I made a breakout board for the STM32F405RGT from ST.
I really like the STM32 family of ARM microcontrollers. This breakout board is a narrow design that fits perfectly on a breadboard. Every pin is accessible. It has USB, a reset button, and a bootload button. The chip itself has a permanent USB bootloader that is activated by the bootload button. This means that no equipment is required to program this microcontroller, no expensive debugger, nothing at all except a USB cable.
If you are interested in the design, click here to download the EAGLE files (version 20131027) including part list. If you have received a PCB from me, please check your version number. Other versions are on the bottom of this page.
I will assume you know how to compile a program for STM32F4 already. You should have either a *.hex or *.bin file.
First, read ST’s application note AN2606. Inside, it describes how the bootloader works and how it’s activated. Basically upon reset (or power up), the bootload button is sampled, and if it is pressed, it will enter the bootloader mode. If it is not pressed, then the code that the user previously programmed will run.
ST’s application note AN3156 describes the protocol used in the USB DFU bootloader. You don’t need to read this but it’s interesting.
You need to download a tool called DfuSE Demo (UM0412 and STSW-STM32080), written by ST. This tool will let you program a *.dfu file into the microcontroller, if it is in USB DFU bootloader mode.
To generate a *.dfu file, there’s a “DFU File Manager” program that is included with “Dfuse Demo”.
- compile your code into *.hex or *.bin
- convert your *.hex or *.bin to *.dfu using DFU File Manager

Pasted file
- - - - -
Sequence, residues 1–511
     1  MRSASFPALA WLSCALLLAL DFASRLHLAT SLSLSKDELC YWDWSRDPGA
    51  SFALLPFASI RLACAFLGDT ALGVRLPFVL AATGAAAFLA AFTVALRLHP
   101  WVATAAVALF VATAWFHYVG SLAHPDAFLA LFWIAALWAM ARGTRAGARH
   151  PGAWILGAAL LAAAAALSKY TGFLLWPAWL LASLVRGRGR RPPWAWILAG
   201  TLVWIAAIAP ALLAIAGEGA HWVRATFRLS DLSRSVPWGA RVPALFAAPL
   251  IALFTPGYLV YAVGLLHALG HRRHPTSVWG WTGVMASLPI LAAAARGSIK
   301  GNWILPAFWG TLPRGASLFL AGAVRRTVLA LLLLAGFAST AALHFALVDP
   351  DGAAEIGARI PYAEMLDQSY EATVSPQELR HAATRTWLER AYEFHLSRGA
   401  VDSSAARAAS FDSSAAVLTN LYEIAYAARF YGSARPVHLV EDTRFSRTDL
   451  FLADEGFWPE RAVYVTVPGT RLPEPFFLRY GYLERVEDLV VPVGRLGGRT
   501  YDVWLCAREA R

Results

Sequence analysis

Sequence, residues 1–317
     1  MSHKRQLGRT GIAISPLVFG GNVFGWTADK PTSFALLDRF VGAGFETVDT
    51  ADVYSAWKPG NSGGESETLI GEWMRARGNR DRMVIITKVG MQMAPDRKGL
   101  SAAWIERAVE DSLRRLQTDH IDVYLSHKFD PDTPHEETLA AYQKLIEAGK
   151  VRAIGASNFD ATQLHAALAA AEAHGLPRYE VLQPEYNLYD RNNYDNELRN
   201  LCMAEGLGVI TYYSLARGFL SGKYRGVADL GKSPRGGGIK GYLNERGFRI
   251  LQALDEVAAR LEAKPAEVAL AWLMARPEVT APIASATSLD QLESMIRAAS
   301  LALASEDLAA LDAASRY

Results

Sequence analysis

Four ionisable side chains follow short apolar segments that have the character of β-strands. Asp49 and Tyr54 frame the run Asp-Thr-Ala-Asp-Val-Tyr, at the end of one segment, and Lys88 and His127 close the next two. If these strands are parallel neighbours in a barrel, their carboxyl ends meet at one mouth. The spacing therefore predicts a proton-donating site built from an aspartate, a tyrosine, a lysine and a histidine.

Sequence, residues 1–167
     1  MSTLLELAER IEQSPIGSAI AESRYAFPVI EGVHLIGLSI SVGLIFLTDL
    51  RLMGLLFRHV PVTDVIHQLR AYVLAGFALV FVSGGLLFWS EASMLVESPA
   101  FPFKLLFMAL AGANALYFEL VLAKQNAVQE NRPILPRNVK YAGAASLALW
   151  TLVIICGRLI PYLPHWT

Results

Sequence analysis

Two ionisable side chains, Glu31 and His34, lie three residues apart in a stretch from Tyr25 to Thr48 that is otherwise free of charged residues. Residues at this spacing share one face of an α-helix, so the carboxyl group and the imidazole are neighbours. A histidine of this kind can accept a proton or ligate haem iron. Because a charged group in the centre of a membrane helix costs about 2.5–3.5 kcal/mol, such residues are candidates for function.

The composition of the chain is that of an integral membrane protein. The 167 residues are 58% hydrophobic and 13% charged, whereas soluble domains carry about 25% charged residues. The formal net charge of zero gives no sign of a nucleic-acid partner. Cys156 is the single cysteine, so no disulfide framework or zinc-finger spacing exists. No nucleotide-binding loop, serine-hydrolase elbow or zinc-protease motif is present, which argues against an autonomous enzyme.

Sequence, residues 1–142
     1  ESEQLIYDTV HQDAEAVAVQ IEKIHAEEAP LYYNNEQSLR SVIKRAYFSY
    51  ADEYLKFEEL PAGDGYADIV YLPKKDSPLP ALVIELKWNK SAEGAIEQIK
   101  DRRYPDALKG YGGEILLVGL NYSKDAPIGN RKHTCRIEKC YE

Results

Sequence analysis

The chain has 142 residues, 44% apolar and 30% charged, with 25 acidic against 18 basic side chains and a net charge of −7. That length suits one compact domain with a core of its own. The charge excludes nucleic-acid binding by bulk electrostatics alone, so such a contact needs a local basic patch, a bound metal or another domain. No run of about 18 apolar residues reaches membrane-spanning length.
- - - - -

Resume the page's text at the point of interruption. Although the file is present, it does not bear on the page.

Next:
- activate the bootloader by holding down the bootload button, then resetting or powering on the microcontroller
- run the Dfuse Demo tool to flash the *.dfu file into the microcontroller
Power Source Jumper
Other stuff I want to mention
You can probably put the .NET Micro Framework on it, it uses the same microcontroller as the Netduino Plus 2. I can put the default Netduino Plus 2 firmware (both the bootloader and CLR) on it and it will work. The networking and SD card slots are missing, but the internals of the .NET Micro Framework is so intertwined that it is not worth the effort to remove those bits of code.
If you have a ST Link or any other SWD debugger, it will work with the breakout board. Then you wouldn’t need the bootloader anymore. The bootloader is permanent so don’t worry about losing the bootloader.
I have a page on my own wiki to help you get started with STM32: STM32 Starter Guide
You might be visiting this page because you’ve obtained some of my spare PCBs. Please pay attention to the version number printed on the PCB.
Version 20121012 is the first ever revision, the files are here (version 20121012, EAGLE schematic, PCB, and part list). It has a minor flaw: Q1, R7, and R3 are not required, in fact, if you installed those three components, it will make the bootloader not work in some situations.
If you are completely new to ARM microcontrollers but still asked me for a PCB, don’t hesitate to ask me for help!